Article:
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August 28th, 2015
11:36 pm


Movies as religion
A lovely piece about looking for a sense of purpose and finding it in loving movies.

Also-- and possibly relevant to the Hugos-- thinking that awards disrupt the connection between viewers and art.

Link thanks to Greg commenting at File770.

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August 26th, 2015
07:43 am


Do Libertarians Love Burning Man?
Question inspired by this, which argues that Burning Man is being damaged by the covert capitalism of allowing labor which is paid off-site (probably true), that the abusive nature of the practice is especially pure capitalism (not obviously true, but it's hard to argue with people about the essential nature of whatever), and which states that libertarians love Burning Man.

There's also a claim (probably plausible, but I don't have the background to be sure) that people (Americans?) are bad at acknowledging that working for money is selling labor.

Personally, I'm just cranky that labor which is not sold (what people do for themselves and for other people for free) isn't considered in the GDP. "Hard to measure" is not a good enough excuse.

If you are a libertarian, do you love Burning Man?


If you are not a libertarian, feel free to talk about Burning Man in the comments. If you want to talk about libertarians, please say something about your sources of information about libertarians. If all your sources are people who hate libertarians, consider the possibility that you aren't an expert on the subject.

I'm a libertarian. I don't love Burning Man. Let me count the ways. Some of this is personal-- I don't like being overheated, I don't like loud noise, and I just don't run at the necessary energy level. However, I think there's some ideological repulsion too-- Burning Man is just not libertarian because commerce isn't permitted. This doesn't mean I'm opposed to Burning Man, but it isn't my flavor of utopia.

Also posted to Dreamwidth.

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August 5th, 2015
02:12 pm


The old world changes....
It turned out that almost all the Hugo ballots were sent in electronically, with only 6% coming in on paper.

I'm reading a discussion of Worldcon site selection ballots, and the level of inconvenience of sending in paper (the only way currently available) for people who might not even have a pen or stamps in the house.

And my local gourmet store just had a show on the food network, but their customers (at least all who mentioned it) didn't have televisions.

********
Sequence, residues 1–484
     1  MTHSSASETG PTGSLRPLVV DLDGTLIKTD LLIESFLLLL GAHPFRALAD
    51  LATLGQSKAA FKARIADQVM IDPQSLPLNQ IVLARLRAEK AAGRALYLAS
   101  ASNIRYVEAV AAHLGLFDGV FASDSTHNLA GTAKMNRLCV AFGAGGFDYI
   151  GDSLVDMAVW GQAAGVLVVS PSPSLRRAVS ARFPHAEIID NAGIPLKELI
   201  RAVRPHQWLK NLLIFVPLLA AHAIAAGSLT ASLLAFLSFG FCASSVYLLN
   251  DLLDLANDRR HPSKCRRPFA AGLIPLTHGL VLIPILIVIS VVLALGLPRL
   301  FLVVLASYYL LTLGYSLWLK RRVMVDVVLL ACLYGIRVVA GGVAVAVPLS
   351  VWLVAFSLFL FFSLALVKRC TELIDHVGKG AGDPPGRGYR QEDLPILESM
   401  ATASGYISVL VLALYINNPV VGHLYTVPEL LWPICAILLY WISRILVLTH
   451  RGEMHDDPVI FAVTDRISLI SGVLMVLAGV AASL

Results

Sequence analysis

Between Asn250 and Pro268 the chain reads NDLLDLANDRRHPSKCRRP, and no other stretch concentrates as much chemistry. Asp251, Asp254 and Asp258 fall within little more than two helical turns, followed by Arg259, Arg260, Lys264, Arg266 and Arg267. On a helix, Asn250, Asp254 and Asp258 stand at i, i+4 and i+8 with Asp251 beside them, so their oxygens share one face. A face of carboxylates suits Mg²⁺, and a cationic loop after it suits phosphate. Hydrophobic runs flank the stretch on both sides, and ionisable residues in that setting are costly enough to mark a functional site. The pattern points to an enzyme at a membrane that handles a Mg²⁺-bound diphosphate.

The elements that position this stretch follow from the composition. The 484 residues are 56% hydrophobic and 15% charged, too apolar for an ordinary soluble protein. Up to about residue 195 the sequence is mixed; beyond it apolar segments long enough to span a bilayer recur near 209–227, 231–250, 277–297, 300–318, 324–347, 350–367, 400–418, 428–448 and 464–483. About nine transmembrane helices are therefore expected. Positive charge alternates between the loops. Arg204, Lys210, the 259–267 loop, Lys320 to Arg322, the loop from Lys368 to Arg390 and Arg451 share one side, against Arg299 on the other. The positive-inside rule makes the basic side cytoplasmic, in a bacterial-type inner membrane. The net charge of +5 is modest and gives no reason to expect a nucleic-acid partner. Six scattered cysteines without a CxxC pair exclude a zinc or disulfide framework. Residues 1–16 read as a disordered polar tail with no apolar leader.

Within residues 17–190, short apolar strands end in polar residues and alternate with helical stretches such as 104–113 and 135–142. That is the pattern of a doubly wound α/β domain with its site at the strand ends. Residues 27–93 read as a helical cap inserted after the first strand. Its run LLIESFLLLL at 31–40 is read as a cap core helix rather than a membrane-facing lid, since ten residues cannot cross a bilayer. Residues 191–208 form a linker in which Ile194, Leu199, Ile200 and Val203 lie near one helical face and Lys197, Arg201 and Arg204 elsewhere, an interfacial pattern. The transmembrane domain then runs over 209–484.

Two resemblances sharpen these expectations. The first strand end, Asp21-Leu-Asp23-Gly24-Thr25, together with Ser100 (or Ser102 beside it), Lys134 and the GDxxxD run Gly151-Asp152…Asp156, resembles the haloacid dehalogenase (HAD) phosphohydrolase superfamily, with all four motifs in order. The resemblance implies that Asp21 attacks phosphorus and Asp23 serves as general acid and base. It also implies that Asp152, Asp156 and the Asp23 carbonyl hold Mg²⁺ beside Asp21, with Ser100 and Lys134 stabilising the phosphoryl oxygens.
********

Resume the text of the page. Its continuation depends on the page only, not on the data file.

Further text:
I thought I was weird for not having a television, rather than typical, at least of gourmet store customers.

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July 31st, 2015
10:42 am


I voted for the Hugos
Just applying that little nudge for those who haven't acquired the round tuit.

Voting closes tonight at 11:59 PDT.

And I'm thanking whoever designed or chose the design for the online ballot-- it was easy to use and the fact that it stored my rankings but allowed me to change them was a great convenience.

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July 30th, 2015
07:42 am


Falsehoods Programmers Believe
This isn't because programmers are especially likely to be more wrong than anyone else, it's just that programming offers a better opportunity than most people get to find out how incomplete their model of the world is.

The classic (and I think the first) was about names.

There have been a few more lists created since then.

Time. And time zones. Crowd-sourced time errors.


Possibly more about addresses. I haven't compared the lists.

Gender. This is so short I assume it's seriously incomplete.

Networks. Weirdly, there is no list of falsehoods programmers believe about html (or at least a fast search didn't turn anything up). Don't trust the words in the url.

Distributed computing

Build systems.

Poem about character conversion.

I got started on the subject because of this about testing your code, which was posted by andrewducker .

This entry was posted at http://nancylebov.dreamwidth.org/1071695.html. Comments are welcome here or there. comment count unavailable comments so far on that entry.

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July 17th, 2015
11:42 am


When language meets big data
Here's a podcast from that list-- -- 17 minutes of looking at big data analysis of language from Kieran Snyder from Textio.

It turns out that Kickstarters that get funded are more likely to have a lot of text and (depressingly) a lot of different fonts.

And (their main product analyses job offers) that "synergy" turns job applicants off, and women are less likely to want jobs that advertise for gurus or ninjas. You can run other sorts of data through their job offer analyzer-- you might find something interesting.

I'm worried about what happens if big data is commonly used for language-- there could be a lot of tiresome convergence.

This has a text version some of what was in the interview.

This entry was posted at http://nancylebov.dreamwidth.org/1071374.html. Comments are welcome here or there. comment count unavailable comments so far on that entry.

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11:27 am


Podcast Recommendations
I frequently listen to podcasts, but I've had trouble finding things I like. There's TED.com, but the quality is unreliable. There's Blogging Heads, but I want more variety. There's Hello Internet (recommended by dcseain ), which is intelligent, pleasant, and charming, but somehow I don't get around to it very often.

Cool Tools (the online descendant of The Whole Earth Catalog) is doing a survey to find podcasts to recommend, and I'm checking out their list. Any other recommendations?

99% Invisible


Bulletproof Radio

Cool Tools Show

Design Matters


Here's the Thing

The Ihnatko Almanac

In Our Time

The Infinite Monkey Cage


The James Altucher Show

The Joe Rogan Experience

Latest in Paleo

Little Atoms

Love + Radio

The Memory Palace

Mystery Show

New Yorker Out Loud

Open Source with Christopher Lydon

Radio Lab

Reply All

Science... Sort of


Smart Drug Smarts

Snap Judgment

Song Exploder


Still Untitled: The Adam Savage Project

Theory of Everything

The Tim Ferriss Show

This American Life

This is Actually Happening


The Truth

You Are Not So Smart

WTF with Marc Maron